At the FHNW School of Architecture, Civil Engineering and Geomatics, Dr. Erik Wegerhoff is now teaching budding architects about the history of building culture. Most recently, he was a private lecturer at ETH Zurich.
With Erik Wegerhoff, the Institute of Architecture has gained a proven expert in the history of building culture: He studied architecture at the TU Berlin with a year abroad at the Architectural Association in London. Dr. Erik Wegerhoff completed his doctorate at ETH Zurich from 2006 to 2011 on the post-antique appropriations and reinterpretations of the Colosseum from the Middle Ages to the time of the Grand Tour. He explored the question of what happens to a building that no longer had a purpose after antiquity, but is still standing. "What I learned in the process can also be applied to today’s renovation projects," says Wegerhoff.
From 2010 to 2017 he was a research assistant at the TU Munich at the Chair of Theory and History of Architecture, Art and Design and from 2017 to 2021 senior assistant at the Chair of History and Theory of Architecture at ETH Zurich.
Streets in the history of architectureHe also completed his habilitation at ETH Zurich in 2021 on the inspiring and conflict-laden relationship between cars and architecture in the 20th century, from the speed enthusiasm of the early avant-gardes to the slowing down of the car in the traffic-calmed areas of the 1980s. "It was particularly important to me to include roads as infrastructure structures in the history of architecture," says Wegerhoff. The work has been published as a book under the title "Automobil und Architektur. A creative conflict".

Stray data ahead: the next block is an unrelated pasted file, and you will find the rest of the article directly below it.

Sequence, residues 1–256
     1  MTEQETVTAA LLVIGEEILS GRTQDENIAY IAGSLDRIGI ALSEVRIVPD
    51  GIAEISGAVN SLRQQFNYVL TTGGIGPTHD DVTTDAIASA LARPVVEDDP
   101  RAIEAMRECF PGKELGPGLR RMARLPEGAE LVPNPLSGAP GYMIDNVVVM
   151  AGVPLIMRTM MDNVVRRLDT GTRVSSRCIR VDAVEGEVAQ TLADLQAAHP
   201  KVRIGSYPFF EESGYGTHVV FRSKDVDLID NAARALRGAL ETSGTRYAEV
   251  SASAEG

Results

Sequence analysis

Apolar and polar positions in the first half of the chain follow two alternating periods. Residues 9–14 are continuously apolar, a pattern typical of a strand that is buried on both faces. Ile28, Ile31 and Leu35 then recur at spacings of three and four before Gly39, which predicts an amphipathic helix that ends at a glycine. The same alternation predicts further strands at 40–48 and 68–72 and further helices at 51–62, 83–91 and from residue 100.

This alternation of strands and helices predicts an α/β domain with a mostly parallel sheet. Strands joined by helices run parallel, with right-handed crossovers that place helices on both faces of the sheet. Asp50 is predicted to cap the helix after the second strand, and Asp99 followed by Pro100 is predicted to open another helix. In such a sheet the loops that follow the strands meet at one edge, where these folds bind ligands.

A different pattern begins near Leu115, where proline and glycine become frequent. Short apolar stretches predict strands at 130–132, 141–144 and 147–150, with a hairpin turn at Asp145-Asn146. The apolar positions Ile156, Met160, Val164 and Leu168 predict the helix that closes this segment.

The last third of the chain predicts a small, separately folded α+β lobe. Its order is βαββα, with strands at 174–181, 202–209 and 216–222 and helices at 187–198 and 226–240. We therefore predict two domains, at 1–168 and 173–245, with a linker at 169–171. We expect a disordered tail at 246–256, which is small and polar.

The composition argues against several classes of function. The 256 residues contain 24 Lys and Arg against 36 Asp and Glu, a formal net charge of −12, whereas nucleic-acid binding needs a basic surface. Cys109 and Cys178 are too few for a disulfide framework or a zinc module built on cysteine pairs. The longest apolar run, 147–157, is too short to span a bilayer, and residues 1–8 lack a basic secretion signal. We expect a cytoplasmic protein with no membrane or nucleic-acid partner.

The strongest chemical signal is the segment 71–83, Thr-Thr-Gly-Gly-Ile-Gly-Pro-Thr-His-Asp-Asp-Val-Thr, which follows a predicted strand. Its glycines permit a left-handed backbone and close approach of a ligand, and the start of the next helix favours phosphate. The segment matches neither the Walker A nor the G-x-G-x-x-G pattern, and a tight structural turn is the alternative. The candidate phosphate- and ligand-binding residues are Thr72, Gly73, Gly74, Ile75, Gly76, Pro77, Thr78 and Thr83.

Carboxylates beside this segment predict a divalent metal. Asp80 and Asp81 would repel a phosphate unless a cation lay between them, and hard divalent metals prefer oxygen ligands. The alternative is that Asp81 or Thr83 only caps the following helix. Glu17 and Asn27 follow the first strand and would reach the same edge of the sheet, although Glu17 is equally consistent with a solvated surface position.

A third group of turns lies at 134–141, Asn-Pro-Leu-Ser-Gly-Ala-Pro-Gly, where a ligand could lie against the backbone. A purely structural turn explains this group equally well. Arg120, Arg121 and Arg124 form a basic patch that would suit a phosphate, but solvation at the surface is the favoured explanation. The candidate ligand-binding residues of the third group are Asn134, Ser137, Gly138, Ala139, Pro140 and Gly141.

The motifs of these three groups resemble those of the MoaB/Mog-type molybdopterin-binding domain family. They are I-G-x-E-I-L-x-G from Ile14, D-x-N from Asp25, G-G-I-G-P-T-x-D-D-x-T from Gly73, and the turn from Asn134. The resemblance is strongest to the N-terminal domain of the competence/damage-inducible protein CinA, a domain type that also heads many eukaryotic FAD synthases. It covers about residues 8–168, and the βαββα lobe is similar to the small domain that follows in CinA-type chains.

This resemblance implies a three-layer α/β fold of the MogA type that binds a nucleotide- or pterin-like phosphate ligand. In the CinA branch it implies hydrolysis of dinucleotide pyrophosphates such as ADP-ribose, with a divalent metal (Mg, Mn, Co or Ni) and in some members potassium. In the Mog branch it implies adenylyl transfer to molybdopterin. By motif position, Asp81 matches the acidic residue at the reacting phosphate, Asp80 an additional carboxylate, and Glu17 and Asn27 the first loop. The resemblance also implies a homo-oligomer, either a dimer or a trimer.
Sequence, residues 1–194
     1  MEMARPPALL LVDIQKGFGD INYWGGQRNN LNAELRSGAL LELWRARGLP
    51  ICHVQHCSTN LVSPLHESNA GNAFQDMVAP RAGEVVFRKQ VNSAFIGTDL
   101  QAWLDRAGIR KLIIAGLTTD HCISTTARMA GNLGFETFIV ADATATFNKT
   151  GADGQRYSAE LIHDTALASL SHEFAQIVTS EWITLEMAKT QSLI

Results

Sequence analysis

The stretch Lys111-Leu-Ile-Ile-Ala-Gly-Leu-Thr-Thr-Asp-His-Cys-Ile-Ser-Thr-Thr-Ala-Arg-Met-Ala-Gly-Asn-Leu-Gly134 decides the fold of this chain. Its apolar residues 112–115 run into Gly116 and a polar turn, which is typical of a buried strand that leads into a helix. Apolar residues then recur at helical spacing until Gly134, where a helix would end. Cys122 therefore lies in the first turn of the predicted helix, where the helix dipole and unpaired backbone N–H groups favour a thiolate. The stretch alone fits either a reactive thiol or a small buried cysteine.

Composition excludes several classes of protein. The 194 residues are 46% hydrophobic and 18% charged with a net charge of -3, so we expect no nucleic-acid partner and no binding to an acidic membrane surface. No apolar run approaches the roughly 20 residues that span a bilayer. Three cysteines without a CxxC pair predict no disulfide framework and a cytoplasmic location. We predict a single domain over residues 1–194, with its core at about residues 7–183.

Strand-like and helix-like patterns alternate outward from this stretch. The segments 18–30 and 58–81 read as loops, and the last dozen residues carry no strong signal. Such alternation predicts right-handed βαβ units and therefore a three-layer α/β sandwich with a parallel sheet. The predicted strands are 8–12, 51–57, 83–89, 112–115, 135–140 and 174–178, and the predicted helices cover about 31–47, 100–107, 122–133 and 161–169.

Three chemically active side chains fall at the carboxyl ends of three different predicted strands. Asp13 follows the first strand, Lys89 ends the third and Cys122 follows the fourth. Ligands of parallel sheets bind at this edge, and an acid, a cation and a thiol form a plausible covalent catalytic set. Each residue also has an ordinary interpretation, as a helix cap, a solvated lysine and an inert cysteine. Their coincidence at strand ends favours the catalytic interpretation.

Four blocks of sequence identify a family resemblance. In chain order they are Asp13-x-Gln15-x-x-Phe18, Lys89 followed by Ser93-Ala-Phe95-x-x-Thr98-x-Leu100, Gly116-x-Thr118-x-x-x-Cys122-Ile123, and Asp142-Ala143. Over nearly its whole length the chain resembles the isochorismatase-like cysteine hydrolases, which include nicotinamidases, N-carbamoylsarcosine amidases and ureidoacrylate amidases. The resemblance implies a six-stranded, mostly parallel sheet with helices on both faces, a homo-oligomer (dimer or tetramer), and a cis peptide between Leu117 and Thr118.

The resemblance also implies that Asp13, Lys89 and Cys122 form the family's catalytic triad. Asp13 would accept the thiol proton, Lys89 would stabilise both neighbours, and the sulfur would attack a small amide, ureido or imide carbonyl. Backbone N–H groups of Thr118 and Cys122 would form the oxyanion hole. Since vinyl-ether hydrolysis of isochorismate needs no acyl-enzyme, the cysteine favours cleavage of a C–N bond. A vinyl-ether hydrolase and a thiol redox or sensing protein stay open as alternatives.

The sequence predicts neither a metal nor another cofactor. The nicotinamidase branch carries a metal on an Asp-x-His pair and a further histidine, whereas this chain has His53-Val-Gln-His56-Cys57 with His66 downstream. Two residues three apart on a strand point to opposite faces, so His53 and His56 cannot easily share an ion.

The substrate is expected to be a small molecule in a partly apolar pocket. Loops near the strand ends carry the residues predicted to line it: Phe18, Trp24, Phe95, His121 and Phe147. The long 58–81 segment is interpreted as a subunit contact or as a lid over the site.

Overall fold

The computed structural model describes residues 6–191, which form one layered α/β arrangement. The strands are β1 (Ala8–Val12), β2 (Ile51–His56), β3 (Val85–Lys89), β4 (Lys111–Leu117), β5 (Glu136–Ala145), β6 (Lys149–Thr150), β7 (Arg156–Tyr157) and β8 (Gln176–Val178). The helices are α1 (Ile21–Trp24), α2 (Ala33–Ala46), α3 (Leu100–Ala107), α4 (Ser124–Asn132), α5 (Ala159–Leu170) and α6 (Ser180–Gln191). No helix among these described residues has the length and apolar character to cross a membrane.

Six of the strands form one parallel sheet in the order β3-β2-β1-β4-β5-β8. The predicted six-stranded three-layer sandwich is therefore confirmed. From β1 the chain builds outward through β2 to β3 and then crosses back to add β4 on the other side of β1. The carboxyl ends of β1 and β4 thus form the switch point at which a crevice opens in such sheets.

Dr. Erik Wegerhoff has published numerous other publications, articles and essays in his career to date. He was editor of the "Schweizerische Bauzeitung TEC21" for two years from 2021-2023 and has thus followed and helped shape current architectural debates. He continues to work as a freelance architecture critic.
The 49-year-old was born in Le Chesnay, France. In addition to his native German, he also speaks fluent Italian, French and English. He has lived in Basel since 2022.
As an academic, Wegerhoff has also been able to gain extensive experience abroad, which is incorporated into teaching at the FHNW. "Training architects is something special for a historian - because design is rightly at the heart of teaching. But it’s precisely this proximity to practice that appeals to me, because I always have to ask myself the question: What do builders really need to know about architectural history? How can I transfer the findings from research to teaching practitioners?" says Wegerhoff.